Another interesting point is how you discover that some part needs to be replaced.

For the car, it is easy, one morning it won't start.

What if (say) Ford or Chevrolet (or Volkswagen that has some documented experience in the field ;)) had a hidden electronic device that - in order to save the battery and your next morning start of the car - progressively dimmed a litte bit your head and tail lights and/or lowered the heating or the cooling set temperature slightly, starting, still say, after six month?


> Actually, the battery in a phone is more comparable to the entire fuel delivery and ignition system in a car, not just the battery. Even fewer people could handle that work on their own.

So you know, there was a point in time where I just replaced my phone's battery. I bought the battery, opened the back cover, and replaced it. And it worked great. :)

The reason people take their cars to a service shop is one of convenience for things like batteries, not because it's a necessity created by the design of the vehicle.


My 3 year old LG G3 had the exact same issue that Apple was trying to prevent. It would randomly shut down at ~50% battery, and restart at ~10%. It was ultimately fixed with a battery swap.

This happened during a period in my life when I absolutely needed my phone to be functional. I can honestly say that I'd rather have the CPU throttled, than to have to experience random shutdowns.


as someone who upgraded their original Pixel from Nougat to Oreo I didn't experience any slowness. So anecdotally, it doesn't happen with Google Pixel devices.


I'm going to throw out an impossible solution to this problem. It's impossible because it's very un-Apple.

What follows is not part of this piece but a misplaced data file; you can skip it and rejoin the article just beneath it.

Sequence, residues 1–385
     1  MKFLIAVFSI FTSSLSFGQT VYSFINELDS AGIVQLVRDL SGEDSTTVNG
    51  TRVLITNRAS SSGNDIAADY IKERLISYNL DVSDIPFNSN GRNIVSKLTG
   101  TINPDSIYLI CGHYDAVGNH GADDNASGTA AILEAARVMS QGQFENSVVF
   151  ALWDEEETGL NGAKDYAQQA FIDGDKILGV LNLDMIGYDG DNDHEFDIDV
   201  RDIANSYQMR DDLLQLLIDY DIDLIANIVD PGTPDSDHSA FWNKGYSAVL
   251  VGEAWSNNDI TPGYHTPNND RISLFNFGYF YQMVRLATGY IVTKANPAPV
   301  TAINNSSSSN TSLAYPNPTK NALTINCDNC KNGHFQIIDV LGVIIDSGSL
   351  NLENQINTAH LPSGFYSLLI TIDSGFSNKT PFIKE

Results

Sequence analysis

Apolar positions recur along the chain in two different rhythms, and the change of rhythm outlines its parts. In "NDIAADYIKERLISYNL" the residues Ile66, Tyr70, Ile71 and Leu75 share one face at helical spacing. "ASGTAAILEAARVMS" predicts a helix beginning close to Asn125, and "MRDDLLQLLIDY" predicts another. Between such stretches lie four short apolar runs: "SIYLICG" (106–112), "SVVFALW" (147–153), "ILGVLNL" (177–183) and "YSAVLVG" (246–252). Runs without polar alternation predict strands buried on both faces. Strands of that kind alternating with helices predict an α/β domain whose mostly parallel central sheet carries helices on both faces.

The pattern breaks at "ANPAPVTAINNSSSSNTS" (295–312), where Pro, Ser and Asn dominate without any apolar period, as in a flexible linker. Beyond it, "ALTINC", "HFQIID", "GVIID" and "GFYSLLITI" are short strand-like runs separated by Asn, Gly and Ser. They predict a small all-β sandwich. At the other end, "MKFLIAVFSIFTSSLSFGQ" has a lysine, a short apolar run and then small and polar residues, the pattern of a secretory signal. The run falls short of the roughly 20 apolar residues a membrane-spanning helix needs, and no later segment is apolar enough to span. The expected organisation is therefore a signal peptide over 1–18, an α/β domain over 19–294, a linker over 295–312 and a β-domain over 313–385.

Let the user choose their own fate. I know, I know, that's crazy talk, right? If given the option on my old iPhone 6 plus, I would have chose to maybe have the phone shut off suddenly at 40% battery life and run at full speed. On the rare days when I'm going to be heavily using my device (and not near constant power) I could change the setting so that it would run slower, but not freak out with battery problems.

This assumes that Apple doesn't know best, and that the user actually has a say in the matter, which goes against iOS / OS X / Apple at a deep, philosophical level.


This assumes that Apple doesn't know best

Apple probably does know better than majority of users about their combined preferences. They can track user behavior around power management and see what they actually do versus what they say they want and design against it.

On the rare days..."

They don't design for rare days though, all good product managers design for the majority of use. Why would they put extra effort into adding a functionality, which could be confusing or inelegant to most users, which is only used rarely by a superuser?


They nearly have done this already with "Low Power Mode", but unfortunately it seems they haven't committed to trusting the user to use this.


Low power mode seems to turn off unnecessary animations and speed up my phone.


The first thing I do on any new Android phone I get is enable developer options and disable all animations.

I've had many friends complement my utterly midrange phone for feeling so snappy; it's because the stupid animations that only serve to slow down UI transitions are off.


Turning low power mode on or off makes no difference in this area. My phone runs at 50% speed, regardless of whether Low Power Mode is turned on or off.


I agree on the surface, but there are millions of older people and those who don’t care to learn, would be scared or alarmed of having that option. Do I still want the option? Sure. But having worked support for years, customers are dumb. They are not HN commenters.


Then bury it in the settings. Let the phone automatically fall into "dead battery" mode but give me an option 7 menus deep to undo it.


Then article "Trick Apple doesn't want you to know" comes up and every mom and pop goes 7 levels deep into settings.


So what? That's how people learn.

This patronizing attitude of hiding all complexity from users is getting beyond ridiculous these days.


Yet users prefer systems that hide all complexity from them instead of installing Gentoo...


There's a limit to how much complexity you can hide before you turn a potentially useful tool into a dumb consumer toy.